"There, I had the chance to research detailed customer profiles to capture and convey our target audience. I particularly enjoyed this aspect as it emphasised the personal, human element of the digital campaign. It allowed us to really visualise the customer behind the computer and anticipate their needs. This would in turn dictate the ways in which each customer segment would be targeted, as well as the benefits of the financial product displayed once they engaged. I also worked on the early stages of an exciting new app development project, as a further way to introduce potential clients to the firm’s brand," Megan continues.

"I loved the way that these projects incorporated my interest in people with a more commercial focus, as well as how they inspired exciting uses of technology and data. However, the nature of this work within an in-house role would have been cyclical. I sought variety and didn’t feel the repetitive aspects of this role were as appealing."

The road to consulting and Capgemini UK

Further research into career options throughout Megain's third year at university brought her to consulting, and more specifically Capgemini. This career seemed to offer the chance to work on the sorts of projects she had liked but for a huge variety of clients across all sorts of markets and industries.

"The Customer Engagement capability unit at Capgemini in particular seemed to align closely with the previous experiences I had enjoyed so much. In the year that followed, I applied to the Invent scheme, received an offer in February, travelled for six months, and then arrived at my induction," Megan recalls.

"It’s been a whirlwind few months, with my first role working for a financial services client. I am currently working in a Project Management Office (PMO) role and really enjoying getting to understand the commercial aspect of the consulting business. My job involves overseeing the day-to-day running of the account through resourcing, invoicing and tracking the financials of each project. I report to senior account leads and VPs to keep them up to date with the account’s status, providing me with great exposure at such an early stage of my career. I’ve learnt an enormous amount over just a few months and feel lucky to be on a graduate scheme where the opportunities to keep learning are so numerous. I’m looking forward to seeing what lies in store for my next project and making the most of the diversity and variation that drew me to the industry in the first place."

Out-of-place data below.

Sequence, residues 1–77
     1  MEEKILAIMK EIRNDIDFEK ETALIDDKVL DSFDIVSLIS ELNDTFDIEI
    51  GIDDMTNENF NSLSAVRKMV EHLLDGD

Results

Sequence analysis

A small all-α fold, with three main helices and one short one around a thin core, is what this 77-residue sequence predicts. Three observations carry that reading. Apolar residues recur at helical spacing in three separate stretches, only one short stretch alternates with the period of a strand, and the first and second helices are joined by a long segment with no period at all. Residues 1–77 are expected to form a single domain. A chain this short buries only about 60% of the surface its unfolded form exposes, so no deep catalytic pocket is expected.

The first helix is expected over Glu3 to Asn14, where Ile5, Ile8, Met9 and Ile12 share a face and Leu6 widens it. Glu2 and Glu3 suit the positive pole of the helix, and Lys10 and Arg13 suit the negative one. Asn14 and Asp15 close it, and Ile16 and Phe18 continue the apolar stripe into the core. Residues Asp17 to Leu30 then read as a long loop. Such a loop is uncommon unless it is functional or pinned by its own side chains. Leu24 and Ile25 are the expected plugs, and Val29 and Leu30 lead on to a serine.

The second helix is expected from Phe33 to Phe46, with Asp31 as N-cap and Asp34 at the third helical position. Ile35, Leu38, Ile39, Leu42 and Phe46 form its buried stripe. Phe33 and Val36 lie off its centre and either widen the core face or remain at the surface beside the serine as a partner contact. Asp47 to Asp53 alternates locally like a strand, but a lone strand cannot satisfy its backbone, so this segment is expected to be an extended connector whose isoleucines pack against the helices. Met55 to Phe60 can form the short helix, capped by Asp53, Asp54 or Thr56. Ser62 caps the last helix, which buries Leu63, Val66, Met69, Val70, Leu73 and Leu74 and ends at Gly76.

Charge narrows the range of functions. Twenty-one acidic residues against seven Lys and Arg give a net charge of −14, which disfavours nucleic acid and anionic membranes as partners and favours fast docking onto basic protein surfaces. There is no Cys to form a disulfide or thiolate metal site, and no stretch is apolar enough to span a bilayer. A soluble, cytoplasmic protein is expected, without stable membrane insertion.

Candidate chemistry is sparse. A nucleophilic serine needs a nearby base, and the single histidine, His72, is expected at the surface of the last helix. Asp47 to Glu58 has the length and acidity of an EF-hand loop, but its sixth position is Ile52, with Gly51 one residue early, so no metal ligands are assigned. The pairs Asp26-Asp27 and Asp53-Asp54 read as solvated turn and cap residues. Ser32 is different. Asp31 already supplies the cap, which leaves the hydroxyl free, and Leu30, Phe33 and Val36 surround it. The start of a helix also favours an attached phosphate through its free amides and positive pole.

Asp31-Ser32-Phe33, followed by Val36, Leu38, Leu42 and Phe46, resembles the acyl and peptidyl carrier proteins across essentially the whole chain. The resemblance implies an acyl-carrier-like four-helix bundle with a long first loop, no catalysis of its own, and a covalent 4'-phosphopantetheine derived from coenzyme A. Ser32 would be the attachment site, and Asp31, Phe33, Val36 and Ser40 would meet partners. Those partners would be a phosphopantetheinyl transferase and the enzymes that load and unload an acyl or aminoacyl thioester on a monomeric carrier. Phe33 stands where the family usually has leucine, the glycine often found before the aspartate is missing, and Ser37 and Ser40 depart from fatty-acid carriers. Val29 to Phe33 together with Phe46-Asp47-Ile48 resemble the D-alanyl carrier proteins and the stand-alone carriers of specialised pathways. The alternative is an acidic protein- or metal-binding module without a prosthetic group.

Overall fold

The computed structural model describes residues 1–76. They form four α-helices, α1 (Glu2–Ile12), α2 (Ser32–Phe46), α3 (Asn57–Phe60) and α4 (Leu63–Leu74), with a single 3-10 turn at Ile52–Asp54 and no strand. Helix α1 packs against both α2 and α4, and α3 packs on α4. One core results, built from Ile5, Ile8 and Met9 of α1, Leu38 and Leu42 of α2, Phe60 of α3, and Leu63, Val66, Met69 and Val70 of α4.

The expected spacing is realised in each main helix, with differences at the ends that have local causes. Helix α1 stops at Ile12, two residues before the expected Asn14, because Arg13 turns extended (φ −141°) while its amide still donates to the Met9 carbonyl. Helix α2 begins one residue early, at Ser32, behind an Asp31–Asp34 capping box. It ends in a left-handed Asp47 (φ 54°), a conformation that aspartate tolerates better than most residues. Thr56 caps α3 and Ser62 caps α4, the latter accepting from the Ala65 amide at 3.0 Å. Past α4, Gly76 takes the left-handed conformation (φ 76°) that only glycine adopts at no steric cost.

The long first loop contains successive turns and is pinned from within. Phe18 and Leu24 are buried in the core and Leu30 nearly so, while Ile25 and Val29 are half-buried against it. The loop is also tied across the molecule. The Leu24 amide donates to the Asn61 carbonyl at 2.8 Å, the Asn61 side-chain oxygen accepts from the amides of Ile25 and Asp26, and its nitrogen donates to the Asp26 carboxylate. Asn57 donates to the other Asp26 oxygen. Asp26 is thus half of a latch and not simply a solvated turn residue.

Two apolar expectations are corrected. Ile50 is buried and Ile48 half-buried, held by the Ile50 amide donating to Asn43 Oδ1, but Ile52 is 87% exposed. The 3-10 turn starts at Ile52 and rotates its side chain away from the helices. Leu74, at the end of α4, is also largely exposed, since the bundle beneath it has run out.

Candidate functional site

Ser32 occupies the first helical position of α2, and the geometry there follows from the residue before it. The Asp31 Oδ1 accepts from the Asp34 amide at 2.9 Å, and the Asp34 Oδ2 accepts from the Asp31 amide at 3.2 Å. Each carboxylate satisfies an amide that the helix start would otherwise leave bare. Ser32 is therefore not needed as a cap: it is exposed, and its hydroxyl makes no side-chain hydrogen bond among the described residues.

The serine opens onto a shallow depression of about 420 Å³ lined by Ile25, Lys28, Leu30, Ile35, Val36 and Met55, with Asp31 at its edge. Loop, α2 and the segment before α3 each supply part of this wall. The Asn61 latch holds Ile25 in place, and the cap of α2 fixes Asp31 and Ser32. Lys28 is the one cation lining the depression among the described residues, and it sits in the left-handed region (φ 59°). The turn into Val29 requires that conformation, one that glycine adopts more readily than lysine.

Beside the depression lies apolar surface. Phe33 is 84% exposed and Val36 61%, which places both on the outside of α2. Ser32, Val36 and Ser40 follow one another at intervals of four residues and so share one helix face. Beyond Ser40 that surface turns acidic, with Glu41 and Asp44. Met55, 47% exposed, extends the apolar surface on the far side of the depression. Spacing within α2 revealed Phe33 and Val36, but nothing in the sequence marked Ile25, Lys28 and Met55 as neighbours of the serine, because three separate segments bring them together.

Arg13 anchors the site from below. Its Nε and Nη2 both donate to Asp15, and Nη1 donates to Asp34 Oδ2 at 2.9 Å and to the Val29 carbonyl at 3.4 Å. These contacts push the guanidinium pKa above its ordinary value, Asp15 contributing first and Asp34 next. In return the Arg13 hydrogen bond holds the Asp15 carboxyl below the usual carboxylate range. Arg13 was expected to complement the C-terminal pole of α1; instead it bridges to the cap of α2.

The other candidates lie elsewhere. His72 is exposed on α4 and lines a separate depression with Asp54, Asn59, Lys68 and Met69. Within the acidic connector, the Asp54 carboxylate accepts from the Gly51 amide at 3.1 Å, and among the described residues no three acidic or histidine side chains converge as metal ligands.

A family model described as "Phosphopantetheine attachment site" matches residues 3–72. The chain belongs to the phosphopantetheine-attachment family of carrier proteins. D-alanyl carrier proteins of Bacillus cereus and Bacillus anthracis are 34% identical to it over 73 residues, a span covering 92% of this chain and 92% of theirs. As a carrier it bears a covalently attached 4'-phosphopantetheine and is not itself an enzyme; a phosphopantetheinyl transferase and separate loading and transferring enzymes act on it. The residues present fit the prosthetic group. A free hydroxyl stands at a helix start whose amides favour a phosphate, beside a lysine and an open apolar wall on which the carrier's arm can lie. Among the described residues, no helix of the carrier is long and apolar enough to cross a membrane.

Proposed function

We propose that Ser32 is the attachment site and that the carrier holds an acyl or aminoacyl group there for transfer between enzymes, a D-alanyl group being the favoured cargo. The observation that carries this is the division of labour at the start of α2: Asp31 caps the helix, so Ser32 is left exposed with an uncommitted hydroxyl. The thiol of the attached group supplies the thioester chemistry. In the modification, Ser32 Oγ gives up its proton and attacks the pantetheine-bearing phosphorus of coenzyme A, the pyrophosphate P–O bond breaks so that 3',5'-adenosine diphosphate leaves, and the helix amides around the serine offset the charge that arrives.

Opportunities for people of all backgrounds

Megan hopes that her insight into how she found herself in consulting as a first graduate role may be helpful to further women seeking career options. From discussions within her own Accelerate cohort, Megan has discovered her colleagues have arrived at consulting from almost every background, degree and work experience imaginable.

"It is this variety of experiences that encourage us to challenge each other’s ways of thinking and ultimately contribute to a more creative and progressive workforce. I look forward to seeing the way that those of us at the early stages of our career continue to contribute our unique experiences to the company and carve our own varied and diverse career paths going forward," Megan concludes.